The current fetishisation of “roadman” aesthetics frequently seems to miss the strange nuances in functional bits like side bags and double tracksuit bottoms and the solemn-faced eccentricity in a UK goon dress code. Broad strokes end up labelling every part of a working class youth’s wardrobe or modern black British style with a roadman tag, and it’s wide off the mark. It’s about far more than kids with posh names banging on about bunnin.’ Looking at the strands that brought us to current looks is helpful, like watching original footage of the MC-led jungle and garage movements that would evolve to give us the abrasive, hard-to-package grime sound that’s currently a significant hype. Drop some imports like Young Jeezy in over half a decade later and we’ve got a path to road rap. The Kino Library just upped some 1998 footage of the kind of jungle event that meant that a more glamorous garage sound needed to blow up — colourful shirts, Reebok Classics and hair gel are in effect, plus plenty of post-lights on casualties of the dance. The Garage Nation clips of Wookie and DJ Pied Piper showcase things around the millennium, when things seemed significantly shinier (with a no trainers rule in effect — in fact, even recent Garage Nation events near me allow trainers now, but have still outlawed Air Max in their dress codes). Shouts to Kino Library for acquiring and sharing these little subcultural snapshots.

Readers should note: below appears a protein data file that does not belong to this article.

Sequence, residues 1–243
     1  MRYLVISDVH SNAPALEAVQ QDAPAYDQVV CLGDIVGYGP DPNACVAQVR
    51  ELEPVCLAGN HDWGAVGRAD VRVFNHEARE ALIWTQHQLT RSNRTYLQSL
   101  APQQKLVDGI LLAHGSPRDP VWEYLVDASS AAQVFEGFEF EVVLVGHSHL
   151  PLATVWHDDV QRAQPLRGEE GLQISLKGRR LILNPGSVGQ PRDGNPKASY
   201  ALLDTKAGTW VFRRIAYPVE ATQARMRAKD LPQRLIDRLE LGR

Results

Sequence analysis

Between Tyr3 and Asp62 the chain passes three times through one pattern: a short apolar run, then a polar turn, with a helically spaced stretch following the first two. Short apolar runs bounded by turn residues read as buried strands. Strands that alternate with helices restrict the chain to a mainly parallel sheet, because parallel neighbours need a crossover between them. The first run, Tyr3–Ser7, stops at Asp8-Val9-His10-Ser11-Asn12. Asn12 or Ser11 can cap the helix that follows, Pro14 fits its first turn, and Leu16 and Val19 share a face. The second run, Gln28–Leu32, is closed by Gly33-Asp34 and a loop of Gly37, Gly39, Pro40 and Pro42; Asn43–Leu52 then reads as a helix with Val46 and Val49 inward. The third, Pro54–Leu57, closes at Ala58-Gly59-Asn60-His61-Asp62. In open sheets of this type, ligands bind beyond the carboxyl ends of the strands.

After the rave, it’s the comedown and Feel No Pain by Sade was always a good choice to relax to. I fully fell in love Sade Adu after seeing the cover photos by Albert Watson for 1992’s Love Deluxe and 032c just created a tribute to the group’s 21st April, 1993 Berlin concert that supported that LP via a fictional piece of tour merchandise. This tee’s Smooth Operator lyrics down the arm and rose on the sleeve capture the Sade’s suaver-than-everyone feel and nothing says 1993 record store to me like a long-sleeve t-shirt bearing a band’s imagery.